Substitute the appropriate polynomial over $x,$ $y,$ and $z$ for each of the variables $x',$ $y',$ and $z'$ in the preceding equations of $\gamma$; we will then find that Equation $1$ becomes a new quadratic equation in $x,$ $y,$ and $z$ and Equation $2$ is the equation $z=0.$ Then make the substitution $z=0$ in Equation $1$; the result is something of the form $Ax^2+Bxy+Cy^2+Dx+Ey+F=0.$

As for the condition that $A,$ $B,$ and $C$ are not all zero, if $A=B=C=0$ we obtain the equation of a line. But technically, this satisfies Definition 1 from the question: a line is the intersection of a cone with a plane through the vertex of the cone and tangent to a circle that generates the cone. It also satisfies Definition 2 if you consider an infinite eccentricity to be acceptable, as some sources do, or if you place the focus on the directrix.

The objection to the "conic" described by $Dx+Ey+F=0$ seems to be solely that is is not one of the "expected" conics, that is, it is not a non-degenerate circle, ellipse, parabola, or hyperbola. Insisting on only these "expected" conics leads to complications in the second part of the theorem, however.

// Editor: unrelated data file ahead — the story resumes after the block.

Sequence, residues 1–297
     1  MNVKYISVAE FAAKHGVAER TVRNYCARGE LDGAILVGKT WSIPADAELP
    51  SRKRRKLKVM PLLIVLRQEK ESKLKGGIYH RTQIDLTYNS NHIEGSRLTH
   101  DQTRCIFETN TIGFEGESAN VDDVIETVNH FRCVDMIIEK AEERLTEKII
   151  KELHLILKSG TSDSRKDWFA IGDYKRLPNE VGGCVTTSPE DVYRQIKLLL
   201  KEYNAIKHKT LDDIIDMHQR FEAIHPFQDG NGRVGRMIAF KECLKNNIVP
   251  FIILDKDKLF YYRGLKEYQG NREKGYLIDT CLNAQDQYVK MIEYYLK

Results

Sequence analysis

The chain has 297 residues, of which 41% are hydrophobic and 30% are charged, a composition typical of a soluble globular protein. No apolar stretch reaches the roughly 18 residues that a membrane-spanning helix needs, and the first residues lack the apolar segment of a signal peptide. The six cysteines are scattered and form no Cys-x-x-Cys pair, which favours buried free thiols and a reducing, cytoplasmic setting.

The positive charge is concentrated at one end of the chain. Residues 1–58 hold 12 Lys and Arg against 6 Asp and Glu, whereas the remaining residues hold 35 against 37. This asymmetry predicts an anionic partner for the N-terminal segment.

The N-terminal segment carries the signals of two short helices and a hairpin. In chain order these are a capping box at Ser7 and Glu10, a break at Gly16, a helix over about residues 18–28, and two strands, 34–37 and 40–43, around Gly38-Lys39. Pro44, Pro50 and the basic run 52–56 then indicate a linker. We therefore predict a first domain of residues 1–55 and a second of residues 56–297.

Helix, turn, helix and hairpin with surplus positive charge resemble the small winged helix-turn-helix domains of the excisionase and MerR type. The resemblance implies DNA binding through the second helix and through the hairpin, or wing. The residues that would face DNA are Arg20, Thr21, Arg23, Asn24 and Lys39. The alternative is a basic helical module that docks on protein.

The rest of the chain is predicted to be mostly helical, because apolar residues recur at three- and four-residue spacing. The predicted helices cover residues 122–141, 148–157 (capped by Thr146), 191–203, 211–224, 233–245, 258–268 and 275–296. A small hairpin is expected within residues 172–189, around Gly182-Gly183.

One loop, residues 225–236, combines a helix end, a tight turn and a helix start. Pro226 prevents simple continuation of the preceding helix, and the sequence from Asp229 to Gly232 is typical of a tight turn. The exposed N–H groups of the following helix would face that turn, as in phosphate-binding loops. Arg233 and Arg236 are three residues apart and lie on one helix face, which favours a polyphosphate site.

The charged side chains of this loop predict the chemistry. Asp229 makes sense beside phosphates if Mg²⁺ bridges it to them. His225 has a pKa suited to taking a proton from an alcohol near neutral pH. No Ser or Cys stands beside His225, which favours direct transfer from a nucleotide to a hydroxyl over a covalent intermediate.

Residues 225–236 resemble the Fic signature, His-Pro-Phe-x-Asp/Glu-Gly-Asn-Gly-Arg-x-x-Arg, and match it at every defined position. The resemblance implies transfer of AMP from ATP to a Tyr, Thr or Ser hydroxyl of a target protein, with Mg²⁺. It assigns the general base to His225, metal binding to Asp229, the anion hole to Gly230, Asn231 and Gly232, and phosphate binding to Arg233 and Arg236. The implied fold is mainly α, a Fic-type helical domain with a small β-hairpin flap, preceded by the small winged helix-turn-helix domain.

Part 2. For the converse implication, let at least one of the real numbers $A,$ $B,$ and $C$ be non-zero, and let the real polynomial $Ax^2+Bxy+Cy^2+Dx+Ey+F=0$ be the equation of a curve $\gamma.$

It will be convenient to use the fact that an ellipse, parabola, or hyperbola given by any equation of the form $Ax^2+Bxy+Cy^2+H=0$ remains an ellipse, parabola, or hyperbola (respectively) under any invertible linear transformation (that is, if the variables $x$ and $y$ are replaced in that equation by any two independent linear combinations of $x$ and $y$) and under any translation. That's a generally useful fact, but giving a full proof if it would make this answer much longer, so let's just suppose we already know it.

Case 1. Suppose $B^2 - 4AC \neq 0.$ We will see that the coefficients $D$ and $E$ are determined by a translation of the center of the conic away from the origin of the $x,y$ plane, and that there is an inverse translation that eliminates these terms.

Because $B^2 - 4AC \neq 0,$ the matrix $\begin{pmatrix} 2A & B \\ B & 2C \end{pmatrix}$ is invertible, and there exist two real numbers $m$ and $n$ that satisfy the simultaneous linear equations \begin{align} 2Am + Bn &= D, \tag3 \\ Bm + 2Cn &= E. \tag4 \end{align}

Let $T(\gamma)$ be the translation of $\gamma$ by $m$ units in the $x$ direction and $n$ units in the $y$ direction. The equation of $T(\gamma)$ is $$A(x-m)^2+B(x-m)(y-n)+C(y-n)^2+D(x-m)+E(y-n)+F=0.$$ Multiply this out to obtain an equation of the form $Ax^2+Bxy+Cy^2+D'x+E'y+F'=0,$ where \begin{align} D' &= D - 2Am - Bn, \\ E' &= E - Bm - 2Cn, \ \text{and} \\ F' &= Am^2 + Bmn + Cn^2 - Dm - En + F \end{align} But Equations $3$ and $4$ imply that $D'=E'=0,$ so the equation of $T(\gamma)$ is $$ Ax^2+Bxy+Cy^2+F'=0. $$